But crucially, the water is also a "moderator": it helps keep the uranium fission reaction going by slowing down neutrons produced by the reaction as they hurtle out of the fuel rods. Slow neutrons sustain the reaction, by liberating still more neutrons and heat from uranium atoms in the rods; fast-moving neutrons just pass straight through the other fuel rods without colliding with other uranium atoms. If the water heats up too much, however, bubbles form within it and these allow the neutrons to escape, slowing down the nuclear reaction.
Effectively, if the coolant overheats, it starts shutting down the reaction without any human intervention. "It's a brilliant solution," Bluck says.
Nuclear engineers call this a "negative void coefficient", because having voids – bubbles – in the coolant slows down the reaction. By contrast Chernobyl had a positive void coefficient, so the reaction was more likely to accelerate.
Could Fukushima Daiichi catch fire like Chernobyl did?
There have been some small fires on the site, all of which were put out rapidly. In one case the Japanese authorities initially said that one of the spent fuel ponds was itself on fire, but this was later retracted and it remains unclear what actually happened. In another case, the fire has been attributed to diesel engines pumping water into the reactors. All of the fires seem to have been outside the pressure vessels that contain the core of radioactive fuel rods.
At Chernobyl the pressure vessel was breached and the reactor had no containment. There, the core itself burned fiercely, largely because it was made of graphite – which was used as the moderator. This did not make the accident more likely, explains Bluck, but once the reactor exploded the graphite made the situation worse, because it burned so readily. The fires carried radioactive material from the reactor core high into the atmosphere, where it spread far and wide. This could not happen at Fukushima Daiichi, as it does not use graphite as the moderator.
What is the worst-case scenario for Fukushima Daiichi?
It's difficult to be definitive, because information is limited and often confused, and the outcome will depend on the decisions the plant's operators take.
But at the moment the reactors themselves seem to be largely under control and are cooling rapidly. The control rods, which absorb neutrons and dampen down the nuclear reactions, have been in since Friday, and the reactors have been suffused with seawater laced with boric acid – another neutron absorber. Because of the reactors' negative void coefficients, the nuclear reactions cannot now restart unless those actions are reversed. "There is no scope for there to be criticality," Bluck says.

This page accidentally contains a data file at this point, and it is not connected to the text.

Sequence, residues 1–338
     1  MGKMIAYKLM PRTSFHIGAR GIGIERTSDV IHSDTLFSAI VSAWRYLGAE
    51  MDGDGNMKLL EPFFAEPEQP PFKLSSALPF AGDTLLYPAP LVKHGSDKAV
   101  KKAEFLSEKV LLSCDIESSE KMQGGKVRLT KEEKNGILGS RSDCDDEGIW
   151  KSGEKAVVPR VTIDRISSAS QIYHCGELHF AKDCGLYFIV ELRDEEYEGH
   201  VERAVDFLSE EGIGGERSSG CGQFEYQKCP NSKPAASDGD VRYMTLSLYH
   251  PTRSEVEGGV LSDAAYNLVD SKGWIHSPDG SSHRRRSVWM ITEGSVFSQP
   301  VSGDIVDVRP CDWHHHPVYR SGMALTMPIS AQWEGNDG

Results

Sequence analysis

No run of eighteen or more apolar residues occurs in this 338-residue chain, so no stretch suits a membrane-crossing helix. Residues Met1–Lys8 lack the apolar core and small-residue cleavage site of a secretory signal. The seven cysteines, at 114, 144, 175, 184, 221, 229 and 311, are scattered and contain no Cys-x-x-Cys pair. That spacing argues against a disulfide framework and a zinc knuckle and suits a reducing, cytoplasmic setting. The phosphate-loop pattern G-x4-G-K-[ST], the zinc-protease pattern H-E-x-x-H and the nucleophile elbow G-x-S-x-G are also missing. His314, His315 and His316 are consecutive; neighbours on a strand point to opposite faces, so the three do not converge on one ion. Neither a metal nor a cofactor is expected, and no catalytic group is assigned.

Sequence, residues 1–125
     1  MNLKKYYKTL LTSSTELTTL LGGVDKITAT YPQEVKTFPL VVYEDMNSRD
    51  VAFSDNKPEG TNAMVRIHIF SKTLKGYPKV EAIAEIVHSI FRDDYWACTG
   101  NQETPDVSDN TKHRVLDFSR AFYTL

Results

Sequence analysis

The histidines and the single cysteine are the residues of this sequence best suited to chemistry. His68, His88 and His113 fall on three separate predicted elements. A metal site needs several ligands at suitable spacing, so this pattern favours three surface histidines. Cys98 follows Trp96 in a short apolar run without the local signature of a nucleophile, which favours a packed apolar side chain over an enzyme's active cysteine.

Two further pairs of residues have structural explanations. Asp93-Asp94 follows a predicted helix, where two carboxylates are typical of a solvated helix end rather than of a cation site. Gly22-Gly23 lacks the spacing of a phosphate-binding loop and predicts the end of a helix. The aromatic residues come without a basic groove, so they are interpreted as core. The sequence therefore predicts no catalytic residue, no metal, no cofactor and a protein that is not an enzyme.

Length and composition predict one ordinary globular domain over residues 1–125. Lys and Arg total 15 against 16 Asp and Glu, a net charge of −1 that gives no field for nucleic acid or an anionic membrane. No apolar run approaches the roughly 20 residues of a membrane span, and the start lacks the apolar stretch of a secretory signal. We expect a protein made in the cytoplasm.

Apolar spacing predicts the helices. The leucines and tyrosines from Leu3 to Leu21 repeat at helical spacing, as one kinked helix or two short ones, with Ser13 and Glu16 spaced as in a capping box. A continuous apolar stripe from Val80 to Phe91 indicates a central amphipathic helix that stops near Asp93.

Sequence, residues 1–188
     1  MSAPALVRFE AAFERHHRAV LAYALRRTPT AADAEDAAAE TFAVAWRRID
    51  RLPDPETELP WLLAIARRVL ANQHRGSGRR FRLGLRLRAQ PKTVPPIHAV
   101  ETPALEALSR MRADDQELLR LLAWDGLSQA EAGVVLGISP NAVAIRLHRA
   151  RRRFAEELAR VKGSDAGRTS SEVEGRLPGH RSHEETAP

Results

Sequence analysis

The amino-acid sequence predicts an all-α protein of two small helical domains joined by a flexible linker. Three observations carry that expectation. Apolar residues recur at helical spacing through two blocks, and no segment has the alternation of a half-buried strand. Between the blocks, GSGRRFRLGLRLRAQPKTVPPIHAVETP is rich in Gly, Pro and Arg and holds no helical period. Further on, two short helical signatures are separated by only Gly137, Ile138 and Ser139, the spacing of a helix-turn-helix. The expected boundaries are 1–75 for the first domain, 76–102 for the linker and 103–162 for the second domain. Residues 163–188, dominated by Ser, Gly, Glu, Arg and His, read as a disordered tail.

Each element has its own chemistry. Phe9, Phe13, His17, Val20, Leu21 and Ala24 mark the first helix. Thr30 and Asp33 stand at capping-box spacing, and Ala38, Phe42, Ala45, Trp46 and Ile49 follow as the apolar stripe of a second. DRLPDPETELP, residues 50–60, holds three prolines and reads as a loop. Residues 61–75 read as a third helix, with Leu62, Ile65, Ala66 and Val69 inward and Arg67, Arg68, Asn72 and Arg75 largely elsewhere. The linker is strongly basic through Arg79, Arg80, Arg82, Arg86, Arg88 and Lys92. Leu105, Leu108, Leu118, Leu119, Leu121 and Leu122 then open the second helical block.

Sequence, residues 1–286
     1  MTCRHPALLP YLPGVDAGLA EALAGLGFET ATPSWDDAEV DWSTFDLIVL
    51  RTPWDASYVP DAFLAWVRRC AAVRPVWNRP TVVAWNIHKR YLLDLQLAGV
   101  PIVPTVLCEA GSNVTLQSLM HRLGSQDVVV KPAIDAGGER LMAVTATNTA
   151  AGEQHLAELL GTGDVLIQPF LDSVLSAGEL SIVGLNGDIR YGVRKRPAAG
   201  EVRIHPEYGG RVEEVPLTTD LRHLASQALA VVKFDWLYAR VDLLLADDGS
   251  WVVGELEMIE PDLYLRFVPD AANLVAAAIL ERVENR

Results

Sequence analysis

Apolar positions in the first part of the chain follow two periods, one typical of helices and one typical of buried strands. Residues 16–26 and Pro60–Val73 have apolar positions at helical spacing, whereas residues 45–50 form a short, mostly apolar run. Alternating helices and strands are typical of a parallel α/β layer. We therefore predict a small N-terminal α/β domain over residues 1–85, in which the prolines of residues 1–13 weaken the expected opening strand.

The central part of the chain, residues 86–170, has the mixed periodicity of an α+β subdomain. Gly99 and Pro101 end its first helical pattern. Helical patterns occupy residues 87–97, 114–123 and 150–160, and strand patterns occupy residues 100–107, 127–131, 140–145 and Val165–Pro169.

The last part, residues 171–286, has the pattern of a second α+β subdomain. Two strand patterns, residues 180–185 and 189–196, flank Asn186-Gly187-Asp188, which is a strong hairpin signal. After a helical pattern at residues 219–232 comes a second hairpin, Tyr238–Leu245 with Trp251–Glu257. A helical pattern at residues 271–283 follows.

Meltdown would only become possible if, for some inexplicable reason, the operators were to undo all they have done to date to control the reaction.
There have been some leaks of radioactive material and will probably be more, partly because containment systems have been breached, and partly because radioactive steam must be regularly vented to allow more water in.
The biggest threat now seems to be the spent fuel ponds, where the water level has fallen and temperatures have risen. That could lead to the fuel rods breaking open, releasing their radioactive contents.
Bluck is surprised that the ponds are proving so problematic, because unlike the reactor cores they contain no high-pressure steam making it hard to pump in cooling water. The ponds are a standard feature of nuclear facilities, and are typically designed to ensure that nuclear reactions cannot restart in the fuel rods: among other things, the rods should be widely spaced in the pond.
However, the company operating Fukushima Daiichi has now said that, for the fuel pond at reactor 4, "the risk of recriticality is not zero", meaning a nuclear chain reaction could restart in the rods. Quite how this has come about is unclear. But adding boric acid to absorb the neutrons should stop the reaction before it starts.